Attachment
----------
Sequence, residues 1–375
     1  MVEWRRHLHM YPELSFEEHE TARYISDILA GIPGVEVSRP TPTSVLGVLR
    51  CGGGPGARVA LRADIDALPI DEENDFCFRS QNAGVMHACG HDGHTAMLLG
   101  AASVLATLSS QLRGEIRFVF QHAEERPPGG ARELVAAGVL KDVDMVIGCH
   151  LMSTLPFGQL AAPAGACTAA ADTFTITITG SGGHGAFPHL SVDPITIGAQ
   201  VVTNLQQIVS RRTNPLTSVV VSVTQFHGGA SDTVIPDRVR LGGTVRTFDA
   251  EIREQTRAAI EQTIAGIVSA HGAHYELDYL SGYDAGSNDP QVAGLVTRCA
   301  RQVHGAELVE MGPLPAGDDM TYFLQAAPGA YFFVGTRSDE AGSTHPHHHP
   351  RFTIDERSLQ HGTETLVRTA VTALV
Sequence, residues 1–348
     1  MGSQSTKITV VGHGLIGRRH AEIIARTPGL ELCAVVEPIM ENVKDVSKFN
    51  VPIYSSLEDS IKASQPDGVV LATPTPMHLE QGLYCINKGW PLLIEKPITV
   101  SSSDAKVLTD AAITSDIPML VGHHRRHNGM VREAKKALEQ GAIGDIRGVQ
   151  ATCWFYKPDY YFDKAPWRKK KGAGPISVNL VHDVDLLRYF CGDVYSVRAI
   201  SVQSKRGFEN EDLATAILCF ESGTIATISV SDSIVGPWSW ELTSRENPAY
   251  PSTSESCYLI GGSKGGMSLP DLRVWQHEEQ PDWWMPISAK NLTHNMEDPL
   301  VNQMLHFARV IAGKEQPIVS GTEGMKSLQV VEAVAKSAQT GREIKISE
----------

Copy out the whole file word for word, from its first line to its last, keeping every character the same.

Sequence, residues 1–375
     1  MVEWRRHLHM YPELSFEEHE TARYISDILA GIPGVEVSRP TPTSVLGVLR
    51  CGGGPGARVA LRADIDALPI DEENDFCFRS QNAGVMHACG HDGHTAMLLG
   101  AASVLATLSS QLRGEIRFVF QHAEERPPGG ARELVAAGVL KDVDMVIGCH
   151  LMSTLPFGQL AAPAGACTAA ADTFTITITG SGGHGAFPHL SVDPITIGAQ
   201  VVTNLQQIVS RRTNPLTSVV VSVTQFHGGA SDTVIPDRVR LGGTVRTFDA
   251  EIREQTRAAI EQTIAGIVSA HGAHYELDYL SGYDAGSNDP QVAGLVTRCA
   301  RQVHGAELVE MGPLPAGDDM TYFLQAAPGA YFFVGTRSDE AGSTHPHHHP
   351  RFTIDERSLQ HGTETLVRTA VTALV
Sequence, residues 1–348
     1  MGSQSTKITV VGHGLIGRRH AEIIARTPGL ELCAVVEPIM ENVKDVSKFN
    51  VPIYSSLEDS IKASQPDGVV LATPTPMHLE QGLYCINKGW PLLIEKPITV
   101  SSSDAKVLTD AAITSDIPML VGHHRRHNGM VREAKKALEQ GAIGDIRGVQ
   151  ATCWFYKPDY YFDKAPWRKK KGAGPISVNL VHDVDLLRYF CGDVYSVRAI
   201  SVQSKRGFEN EDLATAILCF ESGTIATISV SDSIVGPWSW ELTSRENPAY
   251  PSTSESCYLI GGSKGGMSLP DLRVWQHEEQ PDWWMPISAK NLTHNMEDPL
   301  VNQMLHFARV IAGKEQPIVS GTEGMKSLQV VEAVAKSAQT GREIKISE